Brandon M. Stickney
In a week, the Giuliano family and I were gone from a soon-to-be willow- and maple-tree-leafless Market Street, headed to the South’s eternal sunshine in his tricked-out hippie Krishna conversion van. I saw a bumper sticker proclaiming: “Question Reality.”
Geoffrey drove. His wife, Brenda, drove. Together we drove the van for the 1,000 miles with the CD player blasting Bob Dylan’s “Blood on the Tracks” and Pete Townshend and Ronnie Lane’s “Rough Mix.”
Every time Townshend got to “Keep Me Turning,” we’d hit repeat, especially along the oceanic skyways from the coast of Florida proper to the studded islands connecting, finally, to Key West.
It’s all still there, sunbaked, as it was when we toured Key West. And so is the Hemingway house at 907 Whitehead Street. Walking to the stone gateway with Brenda and Geoffrey Giuliano, I felt like I was in a movie, playing the part that is me, as if none of it was authentic. A writerly dream realized—can there ever be one? There was that one that day, certainly.
The voices of the Hemingway House’s multiple tour guides blended like a chaotic Greek chorus of romantic and contradictory facts of another time. The greatly admired author was not there, unfortunately, as he died in Ketchum, Idaho. We'd arrived in Key West 30 years later.
His office in the house and (the other one, a fortress of solitude) in the nearby garage by the pool were both perfectly preserved, as if Ernest himself would return from drinks up the street at Sloppy Joe's Bar, to offer a few more typed pages to the nine muses before retiring for the evening.
Built in 1851, the 3,000-square foot French Colonial mansion was home to the author and wife Pauline Pfeiffer. While there, Hemingway wrote Green Hills of Africa and To Have and Have Not, along with “The Snows of Kilimanjaro” and “The Short Happy Life of Francis Macomber.” It was named a National Historic Landmark in 1968.
For today's tourist, there are many reasons to make Key West's Hemingway House part of your bucket list:
- The claim that the author wrote 70% of his lifetime works here
- The mansion is a National Historic Landmark, a Literary Landmark, and has been recognized by Congress (as the "coolest place ever"*). Also, Brock Clarke, who penned An Arsonist's Guide to Writers' Homes in New England (Algonquin, 2008), has a lifetime ban from the property.**
- Hosts lots of weddings and corporate events, annually
- You should go there with Giuliano, as I did, but you don't have to. Ha, ha.
A writer friend, Mike Geier from my hometown of Lockport (the birthplace of writers Joyce Carol Oates and Brock Yates), sent a 1993 postcard with an aerial view of the Hemingway House when he was on his honeymoon in Key West. I kept it taped above my word processor for years, until the word processor morphed into a laptop computer, our times and locations not being fixed constructs.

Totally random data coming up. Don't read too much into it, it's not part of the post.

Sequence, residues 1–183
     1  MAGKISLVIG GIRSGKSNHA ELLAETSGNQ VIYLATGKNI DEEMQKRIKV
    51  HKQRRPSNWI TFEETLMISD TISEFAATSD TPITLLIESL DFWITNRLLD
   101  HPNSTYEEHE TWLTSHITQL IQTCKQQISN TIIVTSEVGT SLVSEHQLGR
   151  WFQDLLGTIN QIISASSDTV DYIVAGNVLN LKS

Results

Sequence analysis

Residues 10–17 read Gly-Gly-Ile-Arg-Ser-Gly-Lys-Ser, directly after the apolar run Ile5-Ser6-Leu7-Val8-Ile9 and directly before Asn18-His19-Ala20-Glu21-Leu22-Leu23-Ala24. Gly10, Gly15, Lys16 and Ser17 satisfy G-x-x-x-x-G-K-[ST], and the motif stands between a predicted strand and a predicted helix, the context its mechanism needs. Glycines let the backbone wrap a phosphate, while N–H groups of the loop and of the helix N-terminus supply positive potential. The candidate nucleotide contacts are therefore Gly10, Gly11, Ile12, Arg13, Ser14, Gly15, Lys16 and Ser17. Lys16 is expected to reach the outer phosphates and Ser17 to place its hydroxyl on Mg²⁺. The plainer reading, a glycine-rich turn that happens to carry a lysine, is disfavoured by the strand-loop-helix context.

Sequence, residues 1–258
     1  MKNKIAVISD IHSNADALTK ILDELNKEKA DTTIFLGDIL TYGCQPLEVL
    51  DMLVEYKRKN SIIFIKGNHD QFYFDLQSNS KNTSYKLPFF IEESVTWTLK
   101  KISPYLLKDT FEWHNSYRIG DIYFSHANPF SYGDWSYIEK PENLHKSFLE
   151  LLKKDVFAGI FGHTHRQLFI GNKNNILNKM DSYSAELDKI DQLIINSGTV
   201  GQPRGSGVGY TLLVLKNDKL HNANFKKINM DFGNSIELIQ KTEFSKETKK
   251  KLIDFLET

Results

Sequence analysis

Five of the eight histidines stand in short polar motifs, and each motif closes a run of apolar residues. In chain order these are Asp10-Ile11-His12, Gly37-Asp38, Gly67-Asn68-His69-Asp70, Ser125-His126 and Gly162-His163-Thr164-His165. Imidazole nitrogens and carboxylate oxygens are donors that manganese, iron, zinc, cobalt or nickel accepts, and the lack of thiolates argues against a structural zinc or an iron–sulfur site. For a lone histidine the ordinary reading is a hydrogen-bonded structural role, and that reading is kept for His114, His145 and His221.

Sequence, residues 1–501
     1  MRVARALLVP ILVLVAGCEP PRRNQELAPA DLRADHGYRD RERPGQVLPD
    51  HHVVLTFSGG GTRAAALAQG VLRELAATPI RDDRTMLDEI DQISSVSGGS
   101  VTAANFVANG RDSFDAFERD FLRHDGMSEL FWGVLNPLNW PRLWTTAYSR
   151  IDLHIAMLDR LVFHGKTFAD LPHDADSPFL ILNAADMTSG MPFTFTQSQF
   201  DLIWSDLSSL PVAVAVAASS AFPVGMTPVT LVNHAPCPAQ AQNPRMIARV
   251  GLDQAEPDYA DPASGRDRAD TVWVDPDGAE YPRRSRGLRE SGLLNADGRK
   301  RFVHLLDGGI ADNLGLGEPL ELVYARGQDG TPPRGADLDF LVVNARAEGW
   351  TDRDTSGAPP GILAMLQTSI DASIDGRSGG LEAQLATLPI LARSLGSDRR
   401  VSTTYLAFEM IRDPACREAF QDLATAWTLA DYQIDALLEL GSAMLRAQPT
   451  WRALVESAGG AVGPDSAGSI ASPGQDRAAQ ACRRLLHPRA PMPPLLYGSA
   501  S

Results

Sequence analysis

I think old Mike wrote something like he felt a clairvoyance that I was “there too” when he and his wife were on Whitehead Street.
In 1990, the Giulianos and I were approaching this holy place, we could see Hemingway's legacy six- and seven-toed cats lounging on and near the stone fence beneath the shade trees and palms.
I told the Giulianos of Carlos Baker’s fictional biographical note (I made it up on the spot): the cats “bred and bred and bred and now they loaf.” Funny and true—I’ve used that line several times, but I’m not sure today’s (or any days’) general populace gets it.
Back then, I looked into Ernest’s preserved, book-filled office at the Key West house, which like Giuliano’s Beatles palace in Lockport was decorated by a career of photographic fandom and greatness. Giuliano’s twisted staircase walls held youthful photos of Paul, George and Ringo, and a framed holiday card from Lennon, with a handwritten, “Happy Christmas! Love John.”
Of course, Hemingway was just as dry and as humorous as Lennon. On display at the Key West house was a disembodied men’s room urinal from a tavern. Why the accomplished God of future journalists everywhere would want to bring home such a treasure betrays even today's drunken logic.
Hemingway’s many books, in 100th Anniversary paperback editions, were displayed near one entryway of the house.
I wished I could have bought one of each.
It didn’t matter.
I was there, thanks to him. Thanks to them. Now I recommend this place on your strange trip across the Southern United States. What I saw there is my secret—but I do know that, on the long drive home, "Get Together" by The Youngbloods guided our way.
I still write in honor of Hemingway, a man of his word who never disappointed me, though his material form had abandoned this plane before I arrived in 1967.
Life itself is art. Who said that? Eric Fromm? Or Meher Baba, the metaphysical God incarnate?
And like any art, it can be perfected during only one wizened lifetime on the wheel of eternity. To live and thrive, beyond tomorrow, which never knows.
Brandon M. Stickney is a biographer, historical writer, and documentarian who has appeared on A&E, NPR, the History Channel, and the Travel Channel's Mysteries in the Museum. He has two cats: Gordon Lightfoot and Little Bones.
Regarding * and **, these two statements are the only products of Stickney's imagination in this piece—gallows humor.
Brandon M. Stickney 10/20/2023